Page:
Aiello and his family have owned and run Uesugi Farms Inc. for decades, growing chilies, pumpkins, Napa cabbage and other vegetables.

Uesugi employs 180 people on its direct payroll and 500 to 600 seasonal contract workers, mostly during the harvest season.

After other critics lodged similar complaints in Washington, the Labor Department withdrew the proposed rules in April. Critics also said the rules as drawn up by the Labor Department would have hurt family farms, although department officials dispute that.

Aiello acknowledged that some fellow growers look the other way and employ children who are 12 and younger.

"I know it does happen," Aiello said. "And that's unfortunate." 

On July 24, the House passed a bill to prevent the Labor Department from trying to change the labor law regarding children in agriculture in the near future. Backers said the proposed Labor rules would hurt have family farms and 4-H clubs.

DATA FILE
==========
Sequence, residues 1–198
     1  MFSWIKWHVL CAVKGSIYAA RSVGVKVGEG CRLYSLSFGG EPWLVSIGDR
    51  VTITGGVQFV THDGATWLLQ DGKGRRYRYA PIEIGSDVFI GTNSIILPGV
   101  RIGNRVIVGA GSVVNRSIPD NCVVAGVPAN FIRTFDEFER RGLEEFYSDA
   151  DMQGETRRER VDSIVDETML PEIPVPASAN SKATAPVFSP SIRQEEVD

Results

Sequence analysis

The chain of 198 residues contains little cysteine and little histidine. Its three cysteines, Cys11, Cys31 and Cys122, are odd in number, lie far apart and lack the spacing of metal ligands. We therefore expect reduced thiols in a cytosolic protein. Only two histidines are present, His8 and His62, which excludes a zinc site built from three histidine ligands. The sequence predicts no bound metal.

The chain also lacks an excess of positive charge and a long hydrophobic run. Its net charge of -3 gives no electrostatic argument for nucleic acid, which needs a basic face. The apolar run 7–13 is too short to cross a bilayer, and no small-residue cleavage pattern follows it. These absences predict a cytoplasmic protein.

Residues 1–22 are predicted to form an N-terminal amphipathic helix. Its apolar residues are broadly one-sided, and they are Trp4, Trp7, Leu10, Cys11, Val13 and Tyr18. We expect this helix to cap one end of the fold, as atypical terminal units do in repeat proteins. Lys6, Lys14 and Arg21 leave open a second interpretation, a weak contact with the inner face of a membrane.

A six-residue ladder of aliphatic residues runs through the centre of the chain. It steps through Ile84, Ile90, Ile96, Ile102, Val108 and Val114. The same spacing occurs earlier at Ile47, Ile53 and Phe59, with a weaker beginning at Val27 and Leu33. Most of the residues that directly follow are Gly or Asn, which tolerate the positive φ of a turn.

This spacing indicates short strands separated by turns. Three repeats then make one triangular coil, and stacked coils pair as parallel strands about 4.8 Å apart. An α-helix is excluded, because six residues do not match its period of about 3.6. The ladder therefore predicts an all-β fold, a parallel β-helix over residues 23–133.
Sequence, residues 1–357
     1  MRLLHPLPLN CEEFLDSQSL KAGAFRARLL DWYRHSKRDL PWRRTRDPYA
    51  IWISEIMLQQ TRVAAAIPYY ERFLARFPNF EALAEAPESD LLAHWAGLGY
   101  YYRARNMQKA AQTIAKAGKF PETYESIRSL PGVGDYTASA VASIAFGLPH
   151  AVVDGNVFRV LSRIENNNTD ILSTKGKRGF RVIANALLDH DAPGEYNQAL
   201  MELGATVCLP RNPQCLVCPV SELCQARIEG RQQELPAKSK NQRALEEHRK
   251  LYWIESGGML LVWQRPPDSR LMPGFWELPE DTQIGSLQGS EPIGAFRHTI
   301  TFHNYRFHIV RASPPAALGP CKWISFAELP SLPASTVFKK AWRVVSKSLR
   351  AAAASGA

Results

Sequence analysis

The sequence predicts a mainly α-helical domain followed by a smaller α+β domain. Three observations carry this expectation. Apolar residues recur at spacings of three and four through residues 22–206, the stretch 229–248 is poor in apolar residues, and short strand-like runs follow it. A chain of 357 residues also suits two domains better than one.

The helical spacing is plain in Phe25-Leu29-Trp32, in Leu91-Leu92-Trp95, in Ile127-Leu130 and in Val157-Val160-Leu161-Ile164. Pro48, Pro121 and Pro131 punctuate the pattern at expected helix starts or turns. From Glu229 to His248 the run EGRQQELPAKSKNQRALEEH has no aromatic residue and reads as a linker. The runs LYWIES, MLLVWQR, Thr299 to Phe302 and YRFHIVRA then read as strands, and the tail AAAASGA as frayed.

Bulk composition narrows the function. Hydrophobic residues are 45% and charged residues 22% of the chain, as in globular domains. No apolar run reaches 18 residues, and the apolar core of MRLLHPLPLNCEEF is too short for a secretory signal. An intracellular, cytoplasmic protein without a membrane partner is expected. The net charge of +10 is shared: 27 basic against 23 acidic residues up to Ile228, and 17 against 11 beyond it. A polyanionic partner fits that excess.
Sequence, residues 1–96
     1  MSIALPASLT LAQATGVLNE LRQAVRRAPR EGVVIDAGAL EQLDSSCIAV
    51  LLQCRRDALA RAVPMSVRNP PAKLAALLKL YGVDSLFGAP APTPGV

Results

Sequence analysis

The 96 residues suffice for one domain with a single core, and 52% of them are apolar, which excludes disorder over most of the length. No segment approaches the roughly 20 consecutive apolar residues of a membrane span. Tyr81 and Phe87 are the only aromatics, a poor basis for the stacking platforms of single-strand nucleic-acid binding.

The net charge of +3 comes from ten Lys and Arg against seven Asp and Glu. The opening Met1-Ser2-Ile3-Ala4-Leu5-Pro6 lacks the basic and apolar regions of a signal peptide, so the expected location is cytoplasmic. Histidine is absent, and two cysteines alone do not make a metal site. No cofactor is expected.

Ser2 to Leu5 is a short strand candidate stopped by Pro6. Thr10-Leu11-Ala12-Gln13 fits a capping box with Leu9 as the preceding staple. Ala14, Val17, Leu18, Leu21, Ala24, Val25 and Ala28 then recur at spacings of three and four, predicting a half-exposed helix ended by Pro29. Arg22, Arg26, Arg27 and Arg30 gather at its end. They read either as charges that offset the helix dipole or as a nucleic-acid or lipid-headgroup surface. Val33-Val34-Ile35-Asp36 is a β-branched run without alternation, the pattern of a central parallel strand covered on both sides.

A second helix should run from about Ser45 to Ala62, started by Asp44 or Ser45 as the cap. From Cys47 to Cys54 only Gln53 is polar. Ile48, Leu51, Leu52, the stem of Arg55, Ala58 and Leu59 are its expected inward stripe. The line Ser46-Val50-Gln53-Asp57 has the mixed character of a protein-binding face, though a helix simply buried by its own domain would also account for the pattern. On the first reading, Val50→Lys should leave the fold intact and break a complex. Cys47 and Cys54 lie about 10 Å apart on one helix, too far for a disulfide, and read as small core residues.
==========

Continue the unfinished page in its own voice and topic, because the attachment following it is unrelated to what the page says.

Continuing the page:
Only one representative, Lynn Woolsey, a Democrat from Sonoma and Marin counties in California, spoke out against the legislation. Similar legislation has been proposed and awaits action in the Senate.

What most sides can agree on is that this issue is largely unknown.

"I think Americans are largely clueless about the labor in general that supplies their food," Aeillo said. "And whether it's their age or their ethnicity or their legal status or any of the above, I think Americans are in the dark about what's going on."

NBC Bay Area sought comment from a dozen other large grower organizations, like the California Farm Bureau Federation and California Citrus Producers, as well as large food processors and producers. All declined to comment or didn't return messages.

NBC Bay Area also asked U.S. Labor Secretary Hilda Solis for an interview. Her staff declined.